Protected Planet Report 2020


    In News

    Recently, the Protected Planet Report 2020 has been published.

    About the Report

    • Published by
      • United Nations Environment Programme-World Conservation Monitoring Centre (UNEP-WCMC).
      • International Union for Conservation of Nature (IUCN).
      • Support from the National Geographic Society (global non-profit).
    • It underlined the progress the world has made toward the ambitious Aichi Biodiversity Target 11.
      • These are a set of 20 targets set and agreed by countries in 2010 at the UN Convention on Biological Diversity.
      • It aimed to conserve 17 per cent of land and inland water ecosystems and 10 per cent of its coastal waters and oceans by 2020.
      • A new framework of goals is due to be agreed upon at the UN Biodiversity Conference in Kunming, China (to be held in October 2021).


    (Image Courtesy: Sciencedirect)

    • The report provided a strong starting point from which to begin working towards these ambitious goals.
    • It is the first in the series to include data on ‘Other Effective area-based Conservation Measures’ (OECMs) in addition to protected areas.
      • OECMs are a conservation designation for areas that are achieving the effective in-situ conservation of biodiversity outside of protected areas.

    Major Findings

    • As many as 82 per cent of countries and territories have increased their share of protected area and coverage of OECM since 2010.
    • Since 2010, over 21 million square kilometres have been placed within protected and conserved areas, meaning that 42 per cent of the area now within protected and conserved areas has been added in the last decade.
    • As a result, at least 22.5 million square kilometres (16.64 per cent) of land and inland water ecosystems and 28.1 million square kilometers (7.74 per cent) of coastal waters and the ocean are within protected areas and OECMs as of May 2021.
    • On an average, 62.6 percent of Key Biodiversity Areas (KBA) either fully or partially overlap with protected areas and OECMs.
      • KBAs are sites that contribute significantly to the global persistence of biodiversity, in terrestrial, freshwater and marine ecosystems.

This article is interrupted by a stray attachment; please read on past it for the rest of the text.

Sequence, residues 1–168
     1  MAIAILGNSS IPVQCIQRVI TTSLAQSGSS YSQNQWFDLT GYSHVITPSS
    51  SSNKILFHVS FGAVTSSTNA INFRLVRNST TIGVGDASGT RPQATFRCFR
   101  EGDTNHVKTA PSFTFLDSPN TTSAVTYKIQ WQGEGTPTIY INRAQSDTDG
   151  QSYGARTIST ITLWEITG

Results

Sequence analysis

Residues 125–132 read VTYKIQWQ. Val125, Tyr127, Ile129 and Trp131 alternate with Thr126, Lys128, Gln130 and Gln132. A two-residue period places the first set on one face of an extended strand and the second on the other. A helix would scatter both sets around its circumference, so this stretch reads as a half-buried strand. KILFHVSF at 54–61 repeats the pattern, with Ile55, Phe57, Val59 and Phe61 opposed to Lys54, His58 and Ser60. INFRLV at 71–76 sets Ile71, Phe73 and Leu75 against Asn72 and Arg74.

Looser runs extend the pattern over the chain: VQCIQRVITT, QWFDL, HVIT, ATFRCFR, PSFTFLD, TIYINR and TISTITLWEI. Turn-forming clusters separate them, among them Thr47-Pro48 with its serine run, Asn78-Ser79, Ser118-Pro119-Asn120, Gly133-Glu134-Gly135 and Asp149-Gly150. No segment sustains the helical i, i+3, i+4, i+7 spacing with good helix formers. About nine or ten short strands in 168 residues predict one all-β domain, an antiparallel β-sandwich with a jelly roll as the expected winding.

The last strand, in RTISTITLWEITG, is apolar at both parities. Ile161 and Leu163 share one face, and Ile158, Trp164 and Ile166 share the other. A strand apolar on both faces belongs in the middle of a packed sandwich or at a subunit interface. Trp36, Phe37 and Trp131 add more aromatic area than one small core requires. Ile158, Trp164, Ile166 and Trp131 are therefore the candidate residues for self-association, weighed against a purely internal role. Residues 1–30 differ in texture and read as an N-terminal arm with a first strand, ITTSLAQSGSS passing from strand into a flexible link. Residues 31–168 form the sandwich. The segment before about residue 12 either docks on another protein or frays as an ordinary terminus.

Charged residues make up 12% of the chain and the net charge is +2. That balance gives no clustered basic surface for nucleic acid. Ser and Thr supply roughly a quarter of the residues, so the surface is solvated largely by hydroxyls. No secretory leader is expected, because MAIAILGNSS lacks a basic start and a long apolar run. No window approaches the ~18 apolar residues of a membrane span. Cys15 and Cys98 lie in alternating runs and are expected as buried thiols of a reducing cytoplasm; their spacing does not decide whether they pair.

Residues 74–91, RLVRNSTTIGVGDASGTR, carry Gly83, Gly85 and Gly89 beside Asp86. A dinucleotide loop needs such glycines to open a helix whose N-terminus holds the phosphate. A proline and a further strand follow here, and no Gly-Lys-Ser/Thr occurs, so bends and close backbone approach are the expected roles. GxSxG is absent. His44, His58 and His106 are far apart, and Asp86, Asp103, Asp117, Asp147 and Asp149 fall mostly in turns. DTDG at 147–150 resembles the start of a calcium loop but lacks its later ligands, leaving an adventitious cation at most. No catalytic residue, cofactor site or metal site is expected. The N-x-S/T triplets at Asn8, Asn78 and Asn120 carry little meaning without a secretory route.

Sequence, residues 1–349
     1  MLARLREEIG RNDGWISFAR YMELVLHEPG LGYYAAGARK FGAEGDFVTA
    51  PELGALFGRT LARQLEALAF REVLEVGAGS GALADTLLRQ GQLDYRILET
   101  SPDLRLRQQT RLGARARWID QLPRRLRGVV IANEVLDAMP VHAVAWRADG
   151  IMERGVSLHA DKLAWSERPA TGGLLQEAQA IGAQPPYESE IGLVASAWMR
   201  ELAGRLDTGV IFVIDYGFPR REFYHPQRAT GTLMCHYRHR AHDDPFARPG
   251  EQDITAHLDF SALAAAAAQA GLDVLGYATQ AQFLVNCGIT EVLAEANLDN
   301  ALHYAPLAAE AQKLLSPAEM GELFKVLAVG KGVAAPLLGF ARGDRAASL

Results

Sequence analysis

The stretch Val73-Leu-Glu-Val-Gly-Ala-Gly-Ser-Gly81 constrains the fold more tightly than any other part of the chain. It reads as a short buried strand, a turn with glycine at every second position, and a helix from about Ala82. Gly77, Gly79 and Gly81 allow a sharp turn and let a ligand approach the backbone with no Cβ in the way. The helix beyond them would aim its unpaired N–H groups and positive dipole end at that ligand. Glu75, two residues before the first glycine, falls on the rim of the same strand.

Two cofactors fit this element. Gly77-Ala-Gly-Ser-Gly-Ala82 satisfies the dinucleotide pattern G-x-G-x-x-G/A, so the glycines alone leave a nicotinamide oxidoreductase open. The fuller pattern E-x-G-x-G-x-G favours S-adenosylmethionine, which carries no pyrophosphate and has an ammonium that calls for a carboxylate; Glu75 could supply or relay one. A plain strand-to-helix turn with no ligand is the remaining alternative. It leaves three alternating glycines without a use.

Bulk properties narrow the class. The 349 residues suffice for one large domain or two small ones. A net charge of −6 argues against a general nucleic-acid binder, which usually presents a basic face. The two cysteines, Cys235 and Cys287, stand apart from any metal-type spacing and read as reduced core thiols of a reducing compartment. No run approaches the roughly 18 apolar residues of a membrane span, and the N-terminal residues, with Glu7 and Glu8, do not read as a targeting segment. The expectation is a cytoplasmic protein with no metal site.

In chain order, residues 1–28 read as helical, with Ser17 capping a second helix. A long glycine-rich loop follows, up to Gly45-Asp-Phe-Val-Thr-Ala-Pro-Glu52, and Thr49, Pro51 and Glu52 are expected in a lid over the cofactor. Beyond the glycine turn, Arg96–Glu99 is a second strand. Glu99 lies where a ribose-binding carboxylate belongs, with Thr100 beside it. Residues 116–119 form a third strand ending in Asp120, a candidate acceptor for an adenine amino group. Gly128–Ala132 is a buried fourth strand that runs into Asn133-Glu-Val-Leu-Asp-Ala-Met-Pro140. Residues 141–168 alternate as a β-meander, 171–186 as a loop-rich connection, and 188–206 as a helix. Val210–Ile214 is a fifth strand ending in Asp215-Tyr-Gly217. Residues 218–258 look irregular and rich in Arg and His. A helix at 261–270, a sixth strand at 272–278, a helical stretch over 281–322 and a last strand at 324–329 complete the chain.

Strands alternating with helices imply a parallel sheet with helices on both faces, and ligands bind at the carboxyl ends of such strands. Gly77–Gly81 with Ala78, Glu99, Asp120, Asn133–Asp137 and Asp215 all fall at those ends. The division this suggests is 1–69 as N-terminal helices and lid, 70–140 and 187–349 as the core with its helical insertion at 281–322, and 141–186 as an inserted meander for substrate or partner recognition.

• The average percentage of each KBA within protected areas and OECMs is 43.2 per cent for terrestrial; 42.2 percent for inland water and 44.2 percent for marine (within national waters).
    • There was an increase of 5 percentage points or less in each case since 2010, the greatest growth in marine and coastal areas.


    • It calls for existing protected and conserved areas to be identified and recognised by accounting for the efforts of indigenous peoples, local communities and private entities.
    • A global network of effective and equitable protected and conserved areas will play a vital role in safeguarding the health of people and the planet for generations to come.
    • Protected and conserved areas need to be managed effectively and efficiently to prevent further ecosystem degradation and consolidate progress on the UN Decade on Ecosystem Restoration (2021-2030).

    United Nations Environment Programme-World Conservation Monitoring Centre

    • It is a collaboration between the UNEP and the UK charity, WCMC.
    • Mission: To provide authoritative information about biodiversity and ecosystem services in a way that is useful to decision makers who are driving change in environment and development policy.
    • It works with scientists and policy makers to enable enlightened choices for people and the planet.
    • It has experience of working with decision makers at national, regional and local scales in the following sectors: Environment, Climate change, Agriculture, Oil, Gas, Mining, Finance, Fisheries, Aquaculture and Tourism.
    • It is based in Cambridge, UK.

    International Union for Conservation of Nature

    • It is a democratic Union that brings together the world’s most influential organisations and top experts in a combined effort to conserve nature and accelerate the transition to sustainable development.
    • It harnesses the experience, resources and reach of its more than 1,400 member organisations and the input of more than 18,000 experts.
    • Every four years, it convenes the IUCN World Conservation Congress where IUCN Members set the global conservation agenda by voting on recommendations and guide the Secretariat’s work by passing resolutions and the IUCN Programme.
    • The IUCN Council is the principal governing body of IUCN between sessions of the World Conservation Congress.. 
    • Headquarters: Gland, near Geneva, Switzerland.

    UN Decade on Ecosystem Restoration

    • It challenges everyone to massively scale up restoration efforts that breathe new life into our degraded ecosystems.
    • It will be officially launched on the World Environment Day (5th June) 2021.
      • It runs from 2021 through 2030, which is also the deadline for the Sustainable Development Goals (SDGs) and the timeline scientists have identified as the last chance to prevent catastrophic climate change.
    • Aims
      • To prevent, halt and reverse the degradation of ecosystems on every continent and in every ocean.
      • To end poverty, combat climate change and prevent a mass extinction.
    • It is led by the UNEP and the Food and Agriculture Organization (FAO).

    Source: DTE